Football’s child sex abuse scandal: Abuse survivor welcomes Crewe chairman’s resignation


Steve Walters first spoke out in 2016 about being being sexually abused by Barry BennellEx-Crewe Alexandra player Steve Walters has welcomed the resignation of the club’s chairman John Bowler, saying his departure on Thursday means abuse survivors can finally move on.

Bowler resigned following the publication of the Sheldon report into historical sexual abuse in football.

The report criticised Crewe for not doing more to prevent the crimes by their former coach Barry Bennell.

“We can all move on now thankfully,” Walters said.

Bowler, 84, had been chairman of Crewe since 1987, having first joined the board in 1980.

“As the only person left with an association to that era, I truly believe it was important for me to see it through to conclusion,” he said in a resignation statement, in which he apologised to victims.

The club has also apologised and stressed it was unaware of the abuse until Bennell received a conviction in 1994.

Bennell is serving a 34-year jail term for abusing boys between 1979 and 1991 while at Crewe and Manchester City.

Speaking to BBC sports editor Dan Roan, Walters added: “The fact that was the last part of the jigsaw, that he was there back then, we needed that for our own wellbeing so that we could move forwards.

“Now that he has finally gone, albeit too late, it is at least done now.”

Walters and other abuse survivors spoke about their experiences in the BBC documentary Football’s Darkest Secret, which aired earlier this week.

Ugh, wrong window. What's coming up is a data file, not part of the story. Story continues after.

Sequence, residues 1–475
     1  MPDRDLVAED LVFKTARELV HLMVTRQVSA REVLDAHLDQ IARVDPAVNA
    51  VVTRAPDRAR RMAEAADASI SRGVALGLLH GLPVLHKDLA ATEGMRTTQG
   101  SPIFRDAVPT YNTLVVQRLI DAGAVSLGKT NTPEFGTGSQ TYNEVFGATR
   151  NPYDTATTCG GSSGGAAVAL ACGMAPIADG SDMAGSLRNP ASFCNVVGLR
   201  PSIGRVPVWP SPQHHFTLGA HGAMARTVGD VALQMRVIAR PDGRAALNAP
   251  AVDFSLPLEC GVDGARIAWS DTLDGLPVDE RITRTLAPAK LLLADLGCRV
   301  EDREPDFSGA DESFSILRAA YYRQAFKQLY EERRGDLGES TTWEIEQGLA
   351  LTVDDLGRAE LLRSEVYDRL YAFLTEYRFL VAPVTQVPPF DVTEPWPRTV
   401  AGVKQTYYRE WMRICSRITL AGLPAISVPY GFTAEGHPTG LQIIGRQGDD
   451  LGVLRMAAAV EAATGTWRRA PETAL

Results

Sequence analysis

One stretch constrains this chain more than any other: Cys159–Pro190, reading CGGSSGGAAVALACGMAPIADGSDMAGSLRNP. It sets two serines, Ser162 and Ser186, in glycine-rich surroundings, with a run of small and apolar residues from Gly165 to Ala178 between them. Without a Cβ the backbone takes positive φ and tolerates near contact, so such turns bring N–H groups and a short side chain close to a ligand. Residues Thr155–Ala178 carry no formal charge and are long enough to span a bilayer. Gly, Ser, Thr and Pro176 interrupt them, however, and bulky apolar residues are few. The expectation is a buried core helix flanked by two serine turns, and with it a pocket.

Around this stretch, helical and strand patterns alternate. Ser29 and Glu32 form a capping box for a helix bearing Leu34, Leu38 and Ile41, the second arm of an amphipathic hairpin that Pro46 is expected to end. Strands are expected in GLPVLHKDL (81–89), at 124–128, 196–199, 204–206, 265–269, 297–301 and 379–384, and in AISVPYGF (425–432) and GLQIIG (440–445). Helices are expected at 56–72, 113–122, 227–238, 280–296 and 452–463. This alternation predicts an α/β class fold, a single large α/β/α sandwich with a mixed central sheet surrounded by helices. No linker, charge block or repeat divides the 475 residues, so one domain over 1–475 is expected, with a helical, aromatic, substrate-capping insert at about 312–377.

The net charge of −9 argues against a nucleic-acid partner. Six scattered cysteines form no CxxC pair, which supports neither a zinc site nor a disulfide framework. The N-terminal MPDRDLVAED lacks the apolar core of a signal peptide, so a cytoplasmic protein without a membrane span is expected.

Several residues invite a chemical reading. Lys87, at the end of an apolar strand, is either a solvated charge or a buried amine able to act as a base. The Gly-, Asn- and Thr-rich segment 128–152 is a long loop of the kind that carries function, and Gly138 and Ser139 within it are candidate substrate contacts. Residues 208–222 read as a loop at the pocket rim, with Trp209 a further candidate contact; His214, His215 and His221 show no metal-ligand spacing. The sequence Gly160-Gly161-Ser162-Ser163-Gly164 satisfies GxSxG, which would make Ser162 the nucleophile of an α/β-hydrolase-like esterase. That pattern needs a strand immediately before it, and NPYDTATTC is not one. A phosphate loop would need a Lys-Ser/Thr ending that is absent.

While he said the response to the programme has been “outstanding”, he says he has found the days since the Sheldon report was published on 17 March very difficult.

In his role as director of the Offside Trust, which helps victims of sexual abuse, he says he has been helping to support other abuse survivors since the report’s publication.

“It has been awful,” he added.

“I have personally come off social media for my own wellbeing because there is so much going on – a 700-odd page document to read in such a short space of time was a lot to digest.

“With the Offside Trust we have been supporting other survivors involved in different cases as well so it has been a very difficult journey, especially in the last week or so.”

Walters also called on the FA to explain why former Crewe manager Dario Gradi was suspended in 2016.

FA chief executive Mark Bullingham said on 17 March that Gradi was “effectively banned for life” from football, but could not go into the reasons. The FA’s director of legal and governance, Polly Handford, then said it was “for safeguarding reasons” but that was “as far as we can go”.

Gradi claimed he was banned “from certain specified activities with players under the age of 18 years”.

“It feels like we’re being cheated again, it’s so frustrating. Just come out and tell us why he’s banned,” said Walters.

Sheldon said that Gradi, who has always denied wrongdoing, “should have done more” to investigate concerns about Bennell, but added he was not involved in a cover-up. Gradi then apologised for “not recognising signs of abuse” carried out at the club by the paedophile.

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